Tamarix

Tamarix L.

Tamarix is a taxonomically very complex genus of 54 species, mostly native in temperate Eurasia and the Mediterranean area. None is native in Belgium. Tamarix is frequently introduced outside its native distribution range: as an ornamental in gardens or public plantations or, more often, as a windbreak (for instance in coastal dunes) or for erosion control. They are easily grown and tolerant of poor soils. Several species are reputed environmental weeds, especially in the United States and Australia.

Despite the existence of a fairly recent monograph of the genus (Baum 1978) Tamarix remains an exceedingly complex genus. Most species cannot be identified without flowers and intermediate states exist for several morphological characters (and can even vary on a single individual or from season to season). Furthermore, hybridization plays a role in the taxonomic confusion (e.g. Mayonde & al. 2015). Finally, DNA sequence data are in part incongruent with morphological distinctions currently used to segregate taxa (Gaskin 2003, Gaskin & Schaal 2002, 2003).

The representatives of Tamarix in Belgium belong to two difficult groups. The populations with 4-merous flowers belong to the Tamarix parviflora / tetrandra group, those with 5-merous flowers to the T. africana / canariensis / gallica group. The exact identity of each population should be checked. In Belgium Tamarix mostly occurs in (semi-)natural habitats (seadunes). It was chiefly planted in situ in the past but, fortunately, hardly reproduces. Saplings probably have not been observed so far. More or less remote bushes probably arose from removed rhizomes.

  • Flowers mostly 5-merous. Anthesis chiefly aestival (but sometimes also flowering in April), racemes produced on current year’s growth === Tamarix gallica
  • Flowers mostly 4-merous. Anthesis exclusively vernal, racemes produced on previous year’s growth === T. parviflora

References:


Baum B.R. (1967a) Introduced and naturalised tamarisks in the United States and Canada. Baileya 15: 19-25.

Baum B.R. (1967b) Tamarix. In: Davis P.H. (ed.), Flora of Turkey, vol. 2. Edinburgh University Press, Edinburgh: 349-351.

Baum B.R. (1978) The genus Tamarix. Israel Academy of Sciences and Humanities, Jerusalem: IX + 209 p.

Crins W.J. (1989) The Tamaricaceae of the southeastern United States. J. Arnold Arbor. 70: 403-425.

Gaskin J.F. (2003) Molecular systematics and the control of invasive plants: a case study of Tamarix (Tamaricaceae). Ann. Missouri Bot. Gard. 90: 109-118.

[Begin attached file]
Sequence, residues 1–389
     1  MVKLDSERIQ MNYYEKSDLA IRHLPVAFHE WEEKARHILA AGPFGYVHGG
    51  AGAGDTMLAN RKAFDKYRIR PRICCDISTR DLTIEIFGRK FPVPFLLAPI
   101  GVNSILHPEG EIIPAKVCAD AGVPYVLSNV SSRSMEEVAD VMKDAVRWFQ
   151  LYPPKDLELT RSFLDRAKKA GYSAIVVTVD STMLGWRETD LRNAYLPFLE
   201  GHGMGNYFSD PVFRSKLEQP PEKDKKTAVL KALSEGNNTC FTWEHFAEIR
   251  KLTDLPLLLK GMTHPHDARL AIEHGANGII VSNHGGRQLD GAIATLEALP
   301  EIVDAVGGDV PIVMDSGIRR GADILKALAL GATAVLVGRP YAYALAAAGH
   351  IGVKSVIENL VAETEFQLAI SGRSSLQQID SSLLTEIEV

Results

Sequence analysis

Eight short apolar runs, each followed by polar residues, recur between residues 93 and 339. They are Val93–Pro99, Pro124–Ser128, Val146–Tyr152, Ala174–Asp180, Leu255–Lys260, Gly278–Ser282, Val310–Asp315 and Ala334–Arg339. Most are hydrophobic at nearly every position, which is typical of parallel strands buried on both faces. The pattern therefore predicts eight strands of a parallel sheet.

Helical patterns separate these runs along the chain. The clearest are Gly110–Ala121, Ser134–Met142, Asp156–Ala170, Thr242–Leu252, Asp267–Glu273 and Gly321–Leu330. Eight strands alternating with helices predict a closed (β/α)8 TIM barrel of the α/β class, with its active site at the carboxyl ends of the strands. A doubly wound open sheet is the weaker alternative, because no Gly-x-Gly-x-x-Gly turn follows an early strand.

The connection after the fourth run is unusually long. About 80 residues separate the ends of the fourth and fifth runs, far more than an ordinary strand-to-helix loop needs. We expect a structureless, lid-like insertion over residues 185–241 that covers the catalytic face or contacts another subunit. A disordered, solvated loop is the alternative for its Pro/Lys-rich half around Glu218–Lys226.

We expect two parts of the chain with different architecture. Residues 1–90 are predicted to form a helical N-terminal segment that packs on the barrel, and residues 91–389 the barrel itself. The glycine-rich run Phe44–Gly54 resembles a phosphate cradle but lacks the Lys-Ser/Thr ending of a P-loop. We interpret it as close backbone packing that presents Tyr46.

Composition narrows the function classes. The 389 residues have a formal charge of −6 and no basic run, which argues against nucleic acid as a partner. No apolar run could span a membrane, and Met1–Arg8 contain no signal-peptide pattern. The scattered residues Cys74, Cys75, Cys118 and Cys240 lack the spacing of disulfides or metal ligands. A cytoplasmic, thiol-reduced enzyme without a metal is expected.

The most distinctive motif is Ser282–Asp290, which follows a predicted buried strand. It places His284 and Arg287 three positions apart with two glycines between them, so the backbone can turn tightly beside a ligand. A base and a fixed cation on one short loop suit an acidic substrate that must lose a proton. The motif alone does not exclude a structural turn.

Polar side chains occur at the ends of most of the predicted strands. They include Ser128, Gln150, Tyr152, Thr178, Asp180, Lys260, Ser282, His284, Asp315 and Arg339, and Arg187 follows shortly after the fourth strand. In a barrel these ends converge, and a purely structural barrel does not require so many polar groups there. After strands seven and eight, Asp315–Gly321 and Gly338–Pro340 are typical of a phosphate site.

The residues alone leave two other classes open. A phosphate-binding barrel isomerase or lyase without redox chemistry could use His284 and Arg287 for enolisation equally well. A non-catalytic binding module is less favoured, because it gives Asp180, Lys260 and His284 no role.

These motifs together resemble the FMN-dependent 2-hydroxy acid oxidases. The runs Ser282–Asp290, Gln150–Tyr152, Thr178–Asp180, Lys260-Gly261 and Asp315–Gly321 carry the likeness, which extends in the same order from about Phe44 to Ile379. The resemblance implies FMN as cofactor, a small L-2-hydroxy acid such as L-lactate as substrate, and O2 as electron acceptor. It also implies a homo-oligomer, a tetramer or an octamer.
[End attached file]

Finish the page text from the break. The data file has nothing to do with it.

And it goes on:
Gaskin J.F. (2015) Tamaricaceae. In: Flora of North America Editorial Committee (eds.), Flora of North America North of Mexico, vol. 6. Oxford University Press, New York: 413-417. [available online at: http://www.efloras.org/florataxon.aspx?flora_id=1&taxon_id=10868]

Gaskin J.F. & Schaal B.A. (2002) Hybrid Tamarix widespread in U.S. invasion and undetected in native Asian range. P.N.A.S.99(17): 11256-11259.

Gaskin J.F. & Schaal B.A. (2003) Molecular phylogenetic investigations of U.S. invasive Tamarix. Syst. Bot. 28(1): 86-95.

Mayonde S.G., Cron G.V., Gaskin J.F. & Byrne M.J. (2015) Evidence of Tamarix hybrids in South Africa, as inferred by nuclear ITS and plastid trnS–trnG DNA sequences. South African Journal of Botany 96: 122-131. [available online at: http://www.sciencedirect.com/science/journal/02546299/96]

Qaiser M. (1983) The genus Tamarix (Tamaricaceae) in Pakistan. Iranian Journ. Bot. 2(1): 21-68.

Sher A. & Quigley M.F. (eds.) (2013) Tamarix. A Case Study of Ecological Change in the American West: XXIII + 488 p.

Shinners L.H. (1957) Saltcedars (Tamarix, Tamaricaceae) of the Soviet Union. Southwestern Naturalist 2: 48-73.

Verloove F. (2002) Ingeburgerde plantensoorten in Vlaanderen. Mededeling van het Instituut voor Natuurbehoud n° 20: 227 p.

Verloove F. (2006) Tamarix gallica. In: Van Landuyt W., Hoste I., Vanhecke L., Van den Bremt P., Vercruysse W. & De Beer D., Atlas van de flora van Vlaanderen en het Brussels gewest. Instituut voor Natuur- en Bosonderzoek, Nationale Plantentuin van België en Flo.Wer: 867.

Whiteley A.C. (1997) Tamarix. In: Cullen J. & al. (eds.), The European Garden Flora, vol. 5. Cambridge University Press, Cambridge: 270-272.

Scratchpads developed and conceived by (alphabetical): Ed Baker, Katherine Bouton Alice Heaton Dimitris Koureas, Laurence Livermore, Dave Roberts, Simon Rycroft, Ben Scott, Vince Smith